6. Football (soccer) is popular in Nigeria, the national team known as the "Super Eagles" have made 5 appearances at the World Cup, won the African Cup of Nations 3 times and won the football gold medal at the 1996 Olympics.
Nigeria still remains Africa’s football powerhouse. It has not only made formidable appearances at the continental level but also at the World Cup. Nigeria’s football stars continue to dot various football fields in Europe and continue to participate in various European leagues as professional footballers. This has helped to shape Nigeria’s positive image both continentally and internationally.
5. While some cultures believe it’s rude to not look someone in the eye, in Nigeria, it is customary to not look into someone’s eyes.
Unlike Western culture, both African and oriental societies abhor the act of looking people directly in the eyes. This is considered as an aggressive posture that ought to be shunned, especially when it someone younger facing someone much older or more superior. Nigeria happens to be no exception to this African culture. As such, when you are on your holiday visit to Nigeria, don’t be mistaken by looking at senior citizens directly in their eyes. Also, don’t assume timidly by those who decide to avoid looking straight into your eyes for it is not considered welcoming to look at guests straight in their eyes.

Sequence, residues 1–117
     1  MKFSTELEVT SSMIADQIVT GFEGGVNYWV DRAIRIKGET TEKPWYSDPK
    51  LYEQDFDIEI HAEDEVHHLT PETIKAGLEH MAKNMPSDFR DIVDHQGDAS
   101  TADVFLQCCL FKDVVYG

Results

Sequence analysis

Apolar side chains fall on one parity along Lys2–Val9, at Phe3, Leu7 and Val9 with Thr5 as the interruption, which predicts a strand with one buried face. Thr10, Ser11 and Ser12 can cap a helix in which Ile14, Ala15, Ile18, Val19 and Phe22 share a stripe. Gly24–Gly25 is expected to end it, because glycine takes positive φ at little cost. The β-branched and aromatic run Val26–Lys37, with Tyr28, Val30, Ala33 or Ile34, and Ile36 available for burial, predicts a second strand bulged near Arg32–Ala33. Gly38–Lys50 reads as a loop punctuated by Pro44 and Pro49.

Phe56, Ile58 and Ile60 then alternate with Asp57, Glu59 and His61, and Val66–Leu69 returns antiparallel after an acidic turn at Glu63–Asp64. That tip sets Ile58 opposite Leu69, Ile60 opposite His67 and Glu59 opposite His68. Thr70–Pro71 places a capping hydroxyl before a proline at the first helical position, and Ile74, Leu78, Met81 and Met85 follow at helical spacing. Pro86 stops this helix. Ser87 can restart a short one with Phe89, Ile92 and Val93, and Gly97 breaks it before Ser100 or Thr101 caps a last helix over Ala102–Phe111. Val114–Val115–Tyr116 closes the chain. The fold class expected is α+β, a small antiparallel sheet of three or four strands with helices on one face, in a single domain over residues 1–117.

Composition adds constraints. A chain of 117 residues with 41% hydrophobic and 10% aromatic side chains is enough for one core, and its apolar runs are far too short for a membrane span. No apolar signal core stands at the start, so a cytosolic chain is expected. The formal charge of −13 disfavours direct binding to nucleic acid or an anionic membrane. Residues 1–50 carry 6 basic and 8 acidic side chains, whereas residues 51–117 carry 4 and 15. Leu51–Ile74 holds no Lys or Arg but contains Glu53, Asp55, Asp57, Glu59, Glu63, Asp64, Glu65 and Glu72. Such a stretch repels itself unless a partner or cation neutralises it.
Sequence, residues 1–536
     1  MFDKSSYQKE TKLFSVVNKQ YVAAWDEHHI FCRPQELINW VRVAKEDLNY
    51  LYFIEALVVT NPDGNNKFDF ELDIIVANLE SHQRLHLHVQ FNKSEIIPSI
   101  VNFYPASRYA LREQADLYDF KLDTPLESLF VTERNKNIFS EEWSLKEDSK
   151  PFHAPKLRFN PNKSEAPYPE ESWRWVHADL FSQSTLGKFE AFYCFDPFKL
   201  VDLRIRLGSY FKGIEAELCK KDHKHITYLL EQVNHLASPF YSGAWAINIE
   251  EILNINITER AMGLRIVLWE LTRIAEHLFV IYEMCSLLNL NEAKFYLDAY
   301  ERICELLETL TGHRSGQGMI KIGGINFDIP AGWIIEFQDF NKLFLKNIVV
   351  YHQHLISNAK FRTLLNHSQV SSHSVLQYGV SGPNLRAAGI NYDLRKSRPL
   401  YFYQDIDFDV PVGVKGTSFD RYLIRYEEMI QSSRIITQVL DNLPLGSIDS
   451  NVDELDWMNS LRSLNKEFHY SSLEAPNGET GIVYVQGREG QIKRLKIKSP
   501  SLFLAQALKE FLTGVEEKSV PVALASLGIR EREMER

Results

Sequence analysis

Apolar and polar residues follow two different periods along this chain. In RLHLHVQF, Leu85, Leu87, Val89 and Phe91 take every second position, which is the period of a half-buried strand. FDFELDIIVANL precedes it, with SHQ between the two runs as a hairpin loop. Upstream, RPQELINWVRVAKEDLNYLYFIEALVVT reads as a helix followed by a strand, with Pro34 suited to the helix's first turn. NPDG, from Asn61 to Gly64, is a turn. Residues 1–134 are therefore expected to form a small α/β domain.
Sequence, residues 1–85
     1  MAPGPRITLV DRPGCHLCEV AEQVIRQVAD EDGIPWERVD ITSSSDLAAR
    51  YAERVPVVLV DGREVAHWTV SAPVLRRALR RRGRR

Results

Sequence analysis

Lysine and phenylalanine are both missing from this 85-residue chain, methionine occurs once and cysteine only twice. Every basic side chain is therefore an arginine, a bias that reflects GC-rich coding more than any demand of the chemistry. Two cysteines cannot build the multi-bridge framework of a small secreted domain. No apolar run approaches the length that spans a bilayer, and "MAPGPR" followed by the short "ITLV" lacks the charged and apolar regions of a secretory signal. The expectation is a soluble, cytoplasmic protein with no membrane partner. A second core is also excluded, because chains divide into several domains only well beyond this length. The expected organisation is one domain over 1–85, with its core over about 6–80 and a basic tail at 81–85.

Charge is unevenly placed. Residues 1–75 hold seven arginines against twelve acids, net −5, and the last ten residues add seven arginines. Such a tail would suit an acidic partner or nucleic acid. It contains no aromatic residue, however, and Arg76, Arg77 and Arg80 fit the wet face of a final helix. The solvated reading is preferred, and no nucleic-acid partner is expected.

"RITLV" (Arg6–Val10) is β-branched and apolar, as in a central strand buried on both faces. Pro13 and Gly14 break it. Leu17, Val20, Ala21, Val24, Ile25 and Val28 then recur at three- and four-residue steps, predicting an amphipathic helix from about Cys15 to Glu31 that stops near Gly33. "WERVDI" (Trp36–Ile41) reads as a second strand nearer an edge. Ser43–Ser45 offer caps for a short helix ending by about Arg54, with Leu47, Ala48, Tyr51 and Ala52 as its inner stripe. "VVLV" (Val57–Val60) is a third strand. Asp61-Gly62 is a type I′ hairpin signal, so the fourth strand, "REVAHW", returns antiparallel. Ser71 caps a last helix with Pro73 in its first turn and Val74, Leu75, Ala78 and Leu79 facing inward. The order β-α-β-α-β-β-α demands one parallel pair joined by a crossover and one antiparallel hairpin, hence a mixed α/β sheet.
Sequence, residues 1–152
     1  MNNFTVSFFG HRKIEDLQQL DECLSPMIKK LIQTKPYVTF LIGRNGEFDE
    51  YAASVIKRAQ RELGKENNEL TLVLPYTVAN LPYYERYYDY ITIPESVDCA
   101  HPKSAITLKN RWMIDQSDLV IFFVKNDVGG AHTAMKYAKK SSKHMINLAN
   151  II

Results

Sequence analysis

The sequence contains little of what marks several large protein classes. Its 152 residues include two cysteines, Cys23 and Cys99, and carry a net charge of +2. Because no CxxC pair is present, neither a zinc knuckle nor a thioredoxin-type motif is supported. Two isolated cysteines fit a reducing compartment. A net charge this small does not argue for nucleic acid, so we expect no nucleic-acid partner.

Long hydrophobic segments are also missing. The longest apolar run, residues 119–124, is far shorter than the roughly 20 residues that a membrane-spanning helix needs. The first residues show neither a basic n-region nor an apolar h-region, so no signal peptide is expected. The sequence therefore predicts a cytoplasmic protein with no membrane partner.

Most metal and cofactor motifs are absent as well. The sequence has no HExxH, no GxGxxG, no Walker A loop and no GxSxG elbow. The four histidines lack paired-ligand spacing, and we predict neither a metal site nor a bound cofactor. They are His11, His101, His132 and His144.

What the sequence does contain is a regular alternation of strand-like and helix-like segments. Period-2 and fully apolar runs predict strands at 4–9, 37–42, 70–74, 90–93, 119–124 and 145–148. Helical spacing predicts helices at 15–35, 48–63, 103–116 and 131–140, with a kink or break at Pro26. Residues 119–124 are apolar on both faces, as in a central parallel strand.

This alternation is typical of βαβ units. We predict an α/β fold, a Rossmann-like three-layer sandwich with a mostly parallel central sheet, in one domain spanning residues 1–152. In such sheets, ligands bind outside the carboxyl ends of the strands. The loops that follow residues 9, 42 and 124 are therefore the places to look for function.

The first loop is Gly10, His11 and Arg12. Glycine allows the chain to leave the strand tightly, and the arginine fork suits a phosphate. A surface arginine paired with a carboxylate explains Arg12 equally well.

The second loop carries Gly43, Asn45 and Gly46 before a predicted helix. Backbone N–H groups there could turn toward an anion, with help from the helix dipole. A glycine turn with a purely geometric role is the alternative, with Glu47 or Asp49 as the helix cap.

4. Nigeria is the 7th largest democracy in the world.
Democracy has been practiced in Nigeria for several decades now. Though it has occasionally been disrupted by military indiscipline, the trajectory seems to have stabilized now as Nigeria takes its formidable position of being the guarantor of peace and democracy in West Africa through its dominant position within the ECOWAS. Being the 7th most populous country in the world, this naturally makes it the world’s 7th largest democracy.
3. Nigeria’s movie industry is known as “Nollywood” and it is one of the largest movie industries in the world.
Movie in Nigeria has picked up with tremendous speed. Nollywood is now the most dominant source of movies for Africa and its diaspora (including the Caribbean, North America, South America). Nigerian movies espouse Africa’s rich cultural heritage and have become a means to preserve and re-invigorate this culture from the threats of modernity. Through the Nigerian movies, many African can appreciate the rich cultural values, folklore, and tradition and the important lessons these values hold to the dignity of the African society.
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2. Evidence of human life/civilization in Nigeria dates as far back as 9000 BC.
Nigeria comprises of a region with one of the most ancient civilizations. Not only have there been many historical dynasties over time, but there are also many artifacts that continue to be discovered pointing towards the sophistication of the ancient civilization that once occupied the land.
1. The life expectancy on average is 52 years, one of the lowest in the world. This is primarily due to poor healthcare, a lack of clean water, and poor living conditions.
Due to rampant poverty, low standards of living characterized by the polluted environment, and inadequate healthcare, many Nigerians succumb to preventable medical conditions which have greatly contributed to its low lifespan despite positive growth in the national economy that doesn't adequately fizzle down to the grassroots.